Turkey is on shaky ground and its currency depreciating as controversial monetary moves and fast-rising coronavirus cases threaten to plunge an already fragile economy into much more danger.
The country of 82 million is one of the few in Europe that hasn't implemented a mandatory nationwide lockdown, something its president Recep Tayyip Erdogan has so far avoided in hopes of shielding the economy. But after nearly two years of a weakening currency, high debt, dwindling foreign reserves and growing unemployment, Turkey is in a particularly bad place to weather a pandemic, experts say.
"There will be hard times ahead, because Turkey was already at a macroeconomically vulnerable position before the coronavirus hit," Can Selcuki, managing director of Istanbul Economics Research, told CNBC on Monday, following a temporary 48-hour lockdown of Istanbul and 30 other cities. While self-isolation is currently voluntary in Turkey, he said, most non-essential businesses had closed and tourism had evaporated.
"Unemployment in January was already 14% and it will probably increase greatly due to the foreclosures because of the coronavirus," he said.
Turkey began registering more than 3,000 new coronavirus cases per day after April 4 and has reported more than 4,000 per day since April 8, a sudden surge that's alarmed health experts. The country confirmed its first case on March 11 after insisting it had no cases for more than two months as the virus spread in its neighboring countries.
Cases are now at more than 65,000 — the ninth-highest globally, after Iran — with at least 1,400 deaths.
Erdogan claims his government has dealt with the virus better than any other country. But concerned calls from medical associations in Turkey demanding government transparency and support in the fight against coronavirus have grown louder as the spike in cases draws warnings it could become the next Italy or Spain.
"It is evident that hospitals in the city have not prepared adequately in the two and a half months since this deadly virus first came into the spotlight," the Istanbul Chamber of Physicians said in a statement in early April.
Erdogan on Monday announced tens of billions of lira worth of funding for businesses hit by the virus, as well as unemployment support and large-scale postponement of debt and mortgage payments. New hospitals are being built in Istanbul and on airport grounds, and nearly half a million tests had been carried out, he said.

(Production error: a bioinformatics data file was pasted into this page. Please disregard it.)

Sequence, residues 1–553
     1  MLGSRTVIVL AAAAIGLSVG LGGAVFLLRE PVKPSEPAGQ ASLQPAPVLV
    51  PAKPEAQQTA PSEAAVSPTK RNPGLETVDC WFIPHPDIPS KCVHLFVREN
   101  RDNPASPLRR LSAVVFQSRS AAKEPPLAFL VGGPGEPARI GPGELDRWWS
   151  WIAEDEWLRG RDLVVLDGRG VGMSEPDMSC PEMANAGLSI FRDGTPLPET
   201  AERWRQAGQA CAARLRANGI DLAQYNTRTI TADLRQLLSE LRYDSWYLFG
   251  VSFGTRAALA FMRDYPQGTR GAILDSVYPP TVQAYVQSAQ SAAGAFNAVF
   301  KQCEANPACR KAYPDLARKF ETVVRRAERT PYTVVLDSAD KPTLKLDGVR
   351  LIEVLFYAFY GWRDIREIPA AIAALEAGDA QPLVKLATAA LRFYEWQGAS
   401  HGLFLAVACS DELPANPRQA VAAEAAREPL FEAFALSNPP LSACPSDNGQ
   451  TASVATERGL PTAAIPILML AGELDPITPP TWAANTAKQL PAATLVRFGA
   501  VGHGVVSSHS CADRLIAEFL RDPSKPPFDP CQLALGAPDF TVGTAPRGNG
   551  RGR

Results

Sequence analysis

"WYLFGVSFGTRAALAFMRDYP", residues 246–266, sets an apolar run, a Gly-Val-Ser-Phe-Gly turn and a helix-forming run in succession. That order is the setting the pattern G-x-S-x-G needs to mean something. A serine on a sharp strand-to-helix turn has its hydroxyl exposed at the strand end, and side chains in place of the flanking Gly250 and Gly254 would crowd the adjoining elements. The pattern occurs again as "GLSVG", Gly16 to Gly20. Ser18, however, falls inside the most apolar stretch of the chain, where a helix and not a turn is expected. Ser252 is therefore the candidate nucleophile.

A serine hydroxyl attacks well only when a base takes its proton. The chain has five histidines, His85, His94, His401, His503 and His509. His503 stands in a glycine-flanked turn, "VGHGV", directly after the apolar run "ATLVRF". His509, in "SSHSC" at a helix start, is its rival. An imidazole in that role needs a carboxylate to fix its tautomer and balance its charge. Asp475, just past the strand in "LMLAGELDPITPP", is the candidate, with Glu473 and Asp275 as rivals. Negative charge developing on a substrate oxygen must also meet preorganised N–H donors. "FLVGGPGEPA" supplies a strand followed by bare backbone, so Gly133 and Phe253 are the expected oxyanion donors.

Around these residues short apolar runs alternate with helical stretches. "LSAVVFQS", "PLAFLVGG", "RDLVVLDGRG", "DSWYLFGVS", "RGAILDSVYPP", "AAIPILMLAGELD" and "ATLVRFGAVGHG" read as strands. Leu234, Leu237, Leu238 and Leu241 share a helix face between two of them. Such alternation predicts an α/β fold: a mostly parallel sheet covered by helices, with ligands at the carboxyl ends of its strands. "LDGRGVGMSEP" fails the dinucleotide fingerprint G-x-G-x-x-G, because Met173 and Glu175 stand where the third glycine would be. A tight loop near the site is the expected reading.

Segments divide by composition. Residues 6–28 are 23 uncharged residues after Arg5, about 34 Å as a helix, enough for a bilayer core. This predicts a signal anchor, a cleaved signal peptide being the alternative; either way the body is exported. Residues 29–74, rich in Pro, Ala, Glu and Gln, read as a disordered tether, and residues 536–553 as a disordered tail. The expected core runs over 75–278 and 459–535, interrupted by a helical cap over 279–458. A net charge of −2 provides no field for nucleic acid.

A new weekend curfew will take place beginning April 17 and may continue for successive weekends, the president said, after the abrupt announcement of last weekend's 48-hour lockdown on Friday sent hundreds of thousands of people rushing into crowded grocery stores, flouting social distancing guidelines.
Recent moves by Erdogan's administration have spooked investors — Turkey on Monday restricted foreigners' ability to trade the lira in the offshore swaps market, sending the currency falling the furthest among emerging markets for the day.
And analysts expect the lira to fall yet further in value. Already hit by the country's currency crisis in 2018 and 2019, this year has seen the dollar gain 13% on the Turkish note, which was trading at 6.796 to the greenback on Tuesday afternoon Istanbul time compared to 5.946 at the start of the year. Japanese bank MUFG forecasts the lira falling to 7 per dollar by the end of the quarter.
Gross foreign currency reserves have fallen rapidly in recent months to their lowest level since 2009 largely due to Turkey's Central Bank, the CBRT, selling dollars to artificially prop up the lira. Turkey's foreign reserves, excluding gold, amounted to $77.4 billion at the end of February, according to the IMF; its financing requirements for 2020, by contrast, are estimated at $170 billion.
"If any country experiences a sovereign debt crisis, there are risks that there might be a contagion effect to emerging markets," Agathe Demarais, global forecasting director at the Economist Intelligence Unit, told CNBC. "That Turkey has large external financing needs, and a private sector that is highly indebted in foreign currency, compounds these risks."
The EIU expects a full-year recession in Turkey, whose "large tourism sector will collapse, which will fuel pressure on the twin deficits and on the already fragile lira" which will in turn fuel inflation, Demarais warned.
The lira also fell after Erdogan loudly refuted any acceptance of support from the IMF, which economists say the country direly needs.
"Turkey doesn't have the types of resources it did 10 years ago to compensate for the economic collapse of the coronavirus," Selcuki said. "Turkey is going to need any kind of resources it can get its hands on."
The rejection of the IMF is political for Erdogan, many analysts say, but they describe it as economically unsound.
"Idiotic to rule out cooperation with the IMF when the CBRT is bleeding scarce FX reserves," Timothy Ash, senior emerging markets strategist at Bluebay Asset Management, said in an emailed note. Erdogan said Monday in an address to the nation that Turkey "will not bow down to the IMF program, or any imposition that would indebt our country."
Demarais described Erdogan's move as "a bravado meant to help the country save face, but foreign investors will not be impressed."
Options like a credit line from the U.S. Federal Reserve are uncertain and capital controls would be disastrous, the analysts agreed. Without external help, and with looming mass unemployment, high financing needs and a health crisis, Turkey may be quickly running out of options.
"Given the current pace of CBRT reserve depletion, time is fast running out for the CBRT, the lira and Erdogan in terms of economic policy choices," Ash said.